STTARS’ service model recognises that psychotherapeutic interventions alone are unlikely to resolve distress for people from refugee backgrounds.

Many of these people say they experience difficulties when attempting to access mainstream services. Additionally, the types of services that are available in South Australia may operate differently from those in their country of origin, or may not have existed there at all. Experiences of torture and trauma can inhibit the survivor from accessing and negotiating many essential services, due either to pervasive and debilitating symptoms or because of past negative experiences with government authorities. When seeking support they may encounter further barriers such as a lack of cultural understanding, cultural sensitivity, or interpreting services. At STTARS, the advocacy role provides a safety net, ensuring that survivors of torture do not ‘fall through the gaps’ in our health and welfare systems.

Advocacy at both individual and systemic levels is considered essential at STTARS because a family without housing or income - or experiencing a legal crisis - will not respond to psychological support while their primary needs are not being met. Our model thus requires the ability to be able to address critical welfare and material needs alongside therapeutic issues.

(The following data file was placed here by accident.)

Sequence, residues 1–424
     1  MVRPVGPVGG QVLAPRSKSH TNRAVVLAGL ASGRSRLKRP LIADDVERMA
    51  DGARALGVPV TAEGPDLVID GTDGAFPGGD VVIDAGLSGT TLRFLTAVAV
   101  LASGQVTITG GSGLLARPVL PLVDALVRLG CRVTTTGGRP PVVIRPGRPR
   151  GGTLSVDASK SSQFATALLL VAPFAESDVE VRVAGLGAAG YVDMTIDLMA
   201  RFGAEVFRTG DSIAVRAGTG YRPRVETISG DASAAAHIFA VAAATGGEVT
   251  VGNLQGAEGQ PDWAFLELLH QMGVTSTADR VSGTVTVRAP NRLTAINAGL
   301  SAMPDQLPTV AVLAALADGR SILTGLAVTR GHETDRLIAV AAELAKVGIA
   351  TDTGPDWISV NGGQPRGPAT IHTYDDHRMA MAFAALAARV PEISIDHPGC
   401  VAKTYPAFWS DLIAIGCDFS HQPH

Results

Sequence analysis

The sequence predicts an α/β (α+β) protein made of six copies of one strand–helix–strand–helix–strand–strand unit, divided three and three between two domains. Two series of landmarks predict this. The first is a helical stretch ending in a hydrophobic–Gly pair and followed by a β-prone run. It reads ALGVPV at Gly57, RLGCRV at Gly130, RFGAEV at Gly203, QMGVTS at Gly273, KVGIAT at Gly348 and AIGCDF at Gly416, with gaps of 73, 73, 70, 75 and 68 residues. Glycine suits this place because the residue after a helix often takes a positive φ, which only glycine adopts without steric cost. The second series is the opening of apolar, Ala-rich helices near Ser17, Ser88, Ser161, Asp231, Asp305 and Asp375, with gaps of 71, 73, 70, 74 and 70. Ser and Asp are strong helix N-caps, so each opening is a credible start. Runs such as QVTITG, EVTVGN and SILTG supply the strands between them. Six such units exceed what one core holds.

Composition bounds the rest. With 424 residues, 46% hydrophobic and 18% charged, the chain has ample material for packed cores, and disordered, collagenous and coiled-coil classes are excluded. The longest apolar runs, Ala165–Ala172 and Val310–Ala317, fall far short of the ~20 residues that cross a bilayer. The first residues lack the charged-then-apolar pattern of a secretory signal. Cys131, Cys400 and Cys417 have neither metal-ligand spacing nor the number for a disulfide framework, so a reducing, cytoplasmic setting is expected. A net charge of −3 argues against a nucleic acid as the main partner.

Whether clients attend STTARS for counselling or Medicare-funded services from psychiatrists, psychologists or mental health social workers through our Refugee Mental Health Clinic, all generally have significant broader needs. STTARS’ team of specially trained and dedicated caseworkers (whose various cultural and linguistic backgrounds reflect those of the people who access our service) work hard to ensure that these broader material needs are met for our clients.

While the primary focus of caseworkers is to address practical needs, the sensitive and trauma-informed way that they go about this work is crucial in assisting clients to hold on to hope in difficult times and to recognise the value of engaging in therapeutic work.

STTARS' caseworkers also act as a resource and support to other staff within STTARS, sharing their depth of knowledge and experience to ensure that clients receive the best overall service possible.

Access to STTARS' casework support is currently available through internal referral only.